Spark talks Beirut: Sparking new conversations in humanitarian action

Last Saturday 6th of December, in Beirut, after weeks of preparation, we hosted the first Spark Talks event on how to innovate in a humanitarian crisis context.

02_oneinfive syrianrefugeeLebanon is the home of a large number of local and international NGOs intervening in the Syrian context. 1 in 5 people in the country is actually a Syrian refugee (cf UNHCR infographic), with the weight this situation implies for local authorities and infrastructures.

The objective of the event was to challenge the traditional conference format with a series of short talks and personal stories from creative and innovative social activists, refugees and humanitarian workers, coming from different countries in Middle East. They shared with us their experience and the inner passion driving them to foster change in the region.

To that end, during months, we handpicked the most inspiring speakers of the region, those who are tackling the Syrian crisis through new tools and tactics, and we coached them to deliver a short 10 minutes insight on their approach:

–       James Sadri, from The Syria Campaign, leverages viral videos, social media and micro websites to raise awareness on the Syrian crisis within the European Union. He reminded us that the UK sent 500 people to fight for ISIS, but only accepted 50 Syrian refugees on its soil so far.

–       Jessica Anderson stressed the importance of media nowadays, and explained how Visualizing Impact infographics help counter the fact that most reports are never actually downloaded by anyone.

Etoile light–       James Cranwell, from UNICEF Innovation Unit, displayed the Raspberry Pi project, a small 100 USD tablet built in Lebanon to bring education to those who need it the most.

–       Edouard Elias testified on his experience as a war photographer in Syria, Central African Republic and Lebanon.

–       Kamal Mouzawak, from Souk el Tayeb, showed how war widows from both sides can get over their differences by cooking together, making “Food, not War”.

–       Doreen Toutikian, from MENA Design Research Center and Beirut Design Week, showed how design could be used to develop human-centered design projects, really answering the needs of the population.

–       Anthony Keedi, program manager at ABAAD, shared his vision on masculinity and how gender roles are deeply embedded in our socialization process from a very young age.

All speakers, through different angles, explained the danger of relying on a single story and the need to change the narrative on the existing conflict.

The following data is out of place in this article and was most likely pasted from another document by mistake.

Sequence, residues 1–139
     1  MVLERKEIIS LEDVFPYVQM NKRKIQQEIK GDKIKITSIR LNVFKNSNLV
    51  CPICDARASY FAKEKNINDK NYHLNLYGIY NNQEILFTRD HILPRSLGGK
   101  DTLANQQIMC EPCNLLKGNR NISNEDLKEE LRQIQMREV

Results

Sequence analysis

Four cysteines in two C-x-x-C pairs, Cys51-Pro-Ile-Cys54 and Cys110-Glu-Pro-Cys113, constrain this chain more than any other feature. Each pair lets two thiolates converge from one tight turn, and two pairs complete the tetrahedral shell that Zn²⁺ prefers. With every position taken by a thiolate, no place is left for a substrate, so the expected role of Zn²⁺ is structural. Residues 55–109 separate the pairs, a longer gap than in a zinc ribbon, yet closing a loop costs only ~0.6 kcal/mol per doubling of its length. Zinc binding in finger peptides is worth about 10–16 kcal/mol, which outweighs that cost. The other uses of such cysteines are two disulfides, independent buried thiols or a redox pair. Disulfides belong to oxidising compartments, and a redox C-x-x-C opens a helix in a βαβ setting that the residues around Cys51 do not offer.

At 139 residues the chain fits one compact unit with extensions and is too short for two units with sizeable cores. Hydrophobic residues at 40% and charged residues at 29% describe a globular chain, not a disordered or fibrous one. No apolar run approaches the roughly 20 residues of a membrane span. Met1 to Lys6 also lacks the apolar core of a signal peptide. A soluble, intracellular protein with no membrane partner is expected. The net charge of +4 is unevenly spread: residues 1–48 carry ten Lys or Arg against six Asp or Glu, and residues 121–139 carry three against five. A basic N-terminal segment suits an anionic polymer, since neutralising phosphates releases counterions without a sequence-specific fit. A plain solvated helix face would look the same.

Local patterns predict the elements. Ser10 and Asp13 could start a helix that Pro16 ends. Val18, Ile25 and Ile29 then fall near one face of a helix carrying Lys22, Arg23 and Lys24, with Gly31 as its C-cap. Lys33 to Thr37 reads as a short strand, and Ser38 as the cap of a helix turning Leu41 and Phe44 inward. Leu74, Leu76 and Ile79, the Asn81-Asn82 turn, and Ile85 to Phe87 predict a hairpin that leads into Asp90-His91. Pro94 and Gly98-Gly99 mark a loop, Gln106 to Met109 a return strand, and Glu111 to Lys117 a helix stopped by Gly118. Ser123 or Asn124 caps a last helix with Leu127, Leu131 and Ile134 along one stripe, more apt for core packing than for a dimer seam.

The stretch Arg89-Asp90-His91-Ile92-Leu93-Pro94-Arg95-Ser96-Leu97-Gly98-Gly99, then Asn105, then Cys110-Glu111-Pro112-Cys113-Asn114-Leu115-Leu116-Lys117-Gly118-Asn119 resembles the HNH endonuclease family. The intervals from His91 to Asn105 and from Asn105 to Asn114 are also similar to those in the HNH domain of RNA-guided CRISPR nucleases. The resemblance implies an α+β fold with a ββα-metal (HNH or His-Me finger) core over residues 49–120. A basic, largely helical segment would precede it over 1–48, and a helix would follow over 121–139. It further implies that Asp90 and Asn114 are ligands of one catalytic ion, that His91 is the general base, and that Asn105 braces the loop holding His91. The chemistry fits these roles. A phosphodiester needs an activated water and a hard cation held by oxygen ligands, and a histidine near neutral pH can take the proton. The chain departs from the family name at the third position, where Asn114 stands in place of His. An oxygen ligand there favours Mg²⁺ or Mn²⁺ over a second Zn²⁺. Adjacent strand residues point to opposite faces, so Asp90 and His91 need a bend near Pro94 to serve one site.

Monaj, on the danger of being an humanitarian worker in Syria

The most moving talk was from Mohammed Aboura, a PRS (Palestinian Syrian Refugee) who told us with acid humor about the absurdity of his current status, sometimes leading him to think he wished he were a dog to have more rights or freedom of movement…

The event was organized by PU-AMI, a French NGO working in Lebanon since 1996 and, after the previous storytelling workshop we ran with them, some of their staff decided to share their own story on stage:

–       Raquel had the courage to talk about the difficulty to be a gay humanitarian worker in complicated contexts, like in Ethiopia, Rwanda or even Lebanon.

–       Monaj, from Syria, explained the danger he faced as a volunteer humanitarian worker in Syria and the loneliness of now living in Lebanon, with a curfew after 7pm, being unable to travel anywhere else than in Lebanon, Turkey or Sudan with his current passport.

–       Maria Cristina, a Cuban freedom fighter who married a Palestinian refugee and joined him in a camp in Lebanon, taught us about resilience and acceptance throughout the ups and downs of life in the Middle East.

Mortada playing

Mortada playing

Some performances arouse emotion in the audience, such as spoken words of poetry from Majd Shidiac, the co-curator of the event, or music from Jawad and Mortada.

The catering was organized by Mommy Made, a local initiative working on women reinsertion.

In the audience, NGO or UN staff, students, journalists or entrepreneurs were inspired by the personal stories shared by the speakers.

Here is an article on the positive feedback received that day!

At The A Factor, we had a great experience running an event for the first time in the Middle East, getting to know more in depth the richness of Lebanese civil society and setting up the scene for a conversation only few had had before!

We also had a great time coaching the speakers and bridging the gap between their different topics, may it be technology, design, social entrepreneurship, activism, journalism or filmmaking.

Connecting changemakers as we love to.

We are now looking forward to new editions of Spark Talk events, would it be in the Middle East or elsewhere in the world, to give more visibility to those who bring solutions in the most challenging contexts!

Here are the photos of the innovation and storytelling workshops and the photos of the Spark talks event.

Videos coming soon!

Thanks everyone for that great event!

Thanks everyone for that great event!